When you're deciding how to invest your retirement savings, you have a choice of philosophies to embrace. Two of the most popular styles are value and growth investing, and they each look at your risk tolerance, time horizon and values in different ways. You can align which assets you add to your portfolio based on how they mesh with your financial plan—and adjust that over time.
To start, understanding how value vs. growth stocks compare can help you decide which strategy, or combination of the two, might be right for you.
What are value stocks?
When you think of the word "value," you likely imagine a good bargain or paying less for something than it's really worth. That's the idea behind value stocks as well—they're trading at less than their true, or intrinsic, value. In other words, they're selling for a bargain price. To determine if a stock belongs in the "value" category, analysts look to financial ratios like price to earnings or book value per share.
An example of value stocks
To illustrate the idea, let's use an example of the price to earnings (PE) ratio. This compares the current stock price and the company's earnings. It's calculated by dividing the stock price by the company's earnings per share. So, if a stock is currently trading for $50 and has earnings per share of $4, then its price to earnings ratio is 50/4, or 12.5.
Suppose analysts believe that the stock should be trading at a PE ratio of 17. That would imply the stock's true worth is $68 per share, based on its current $4 of earnings per share. This stock is undervalued. Value investing is about buying undervalued stocks and holding them until their price reaches their intrinsic value.
What are growth stocks?
Growth stocks are seemingly poised for growth due to their business strategy, product offering or performance. Growth stocks are often trading at prices above their intrinsic value because investors believe they'll earn an above-average return on these stocks and are willing to pay more for them. Because
Again, we can use the PE ratio to identify a growth stock. Growth stocks often have PE ratios that are much higher than their intrinsic value suggests. For example, that company with $4 of earnings per share that analysts suggest should trade at a PE ratio of 17 might, in fact, be trading for $108 if it's a growth stock. That would give it a PE ratio of 27.
Does your investment portfolio match your risk tolerance?
Value vs. growth stocks: What are the key differences?
The main factors that set value and growth stocks apart are their relative valuations, the company's stage of business, and what the companies do with their cash flow.
Although some stocks clearly fall into one category or the other, the distinction isn't necessarily absolute. Some stocks may have characteristics of both styles. Think of the differences between the two as shades of gray that exist on a scale rather than a hard dividing line.
Value stocks trade at prices below their intrinsic value. Relative to their earnings and other financial metrics, value stocks usually have lower prices.
Growth stocks are often priced much higher than their intrinsic value because investors believe the company will experience above-average growth. Value stocks often have low PE ratios, while the PE ratios of growth stocks can be quite high.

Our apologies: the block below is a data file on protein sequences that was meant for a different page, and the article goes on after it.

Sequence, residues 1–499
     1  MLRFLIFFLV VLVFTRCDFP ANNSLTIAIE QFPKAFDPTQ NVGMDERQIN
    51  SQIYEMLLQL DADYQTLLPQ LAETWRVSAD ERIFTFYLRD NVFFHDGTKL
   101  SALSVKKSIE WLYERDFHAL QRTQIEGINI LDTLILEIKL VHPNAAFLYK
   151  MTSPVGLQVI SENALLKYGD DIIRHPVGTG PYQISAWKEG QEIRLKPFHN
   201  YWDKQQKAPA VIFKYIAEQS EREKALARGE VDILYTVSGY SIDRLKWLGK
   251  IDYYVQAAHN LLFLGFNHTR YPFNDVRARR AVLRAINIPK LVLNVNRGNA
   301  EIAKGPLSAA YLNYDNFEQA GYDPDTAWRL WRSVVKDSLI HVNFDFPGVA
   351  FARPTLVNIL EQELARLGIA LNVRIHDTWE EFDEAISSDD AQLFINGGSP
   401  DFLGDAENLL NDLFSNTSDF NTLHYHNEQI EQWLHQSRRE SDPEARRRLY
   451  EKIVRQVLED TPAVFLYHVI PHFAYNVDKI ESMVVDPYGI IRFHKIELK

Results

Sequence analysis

How you interpret these valuation differences is a matter of perspective. Relatively low valuations could be an indicator of value and represent a bargain buy, or it could mean that the market doesn't expect much from the stock. Stocks with relatively high prices relative to fundamentals could be viewed as overpriced, but it could also mean that investors believe the stock shows exceptional promise.
Value stocks often stem from mature companies that have peaked in terms of growth. They usually have a strong and stable market share with reliable earnings, low debt and solid cash flow. Value stocks perform well during periods of high inflation and can be
Companies with growth stocks are often earlier in the business life cycle and still gaining market share. They may have higher amounts of debt and lower earnings and cash flow. Inflation tends to hurt growth stocks, and they often do poorly in high interest rate environments.
These differences suggest that value stocks may be a better fit than growth stocks for someone with a
Cash flow, reinvested earnings & dividends
Because value stocks typically represent well-established companies that aren't growth-oriented, they often use their cash to pay dividends rather than reinvesting in the company.
It's more likely that growth stocks will have a higher degree of retained earnings and lower dividend payouts. Because growth is the objective, they need to invest capital into projects expected to expand the company.
If you want your investments to provide a ready stream of
Value stocks vs. Growth stocks, side by side
Typically below the intrinsic value of the stock
Often higher than the intrinsic value of the stock
Large, mature companies that hold stable positions in their market
Younger, more aggressive companies that are looking to expand
Cash flow & dividends
Tend to use company cash flow to pay higher dividends
Opt to reinvest in the business rather than pay dividends
Should you invest in growth or value stocks?
Whether you choose to invest in growth or value stocks is a matter of personal choice and your goals. If you want a stable portfolio that provides cash flow from dividends, then value stocks may be what you need. If you're looking for long-term growth and don't mind less cash flow and more volatility, then growth stocks may provide that for you.
While people debate whether value stocks are riskier than growth stocks, or vice versa, both types actually may have a place in your portfolio. Holding each can provide an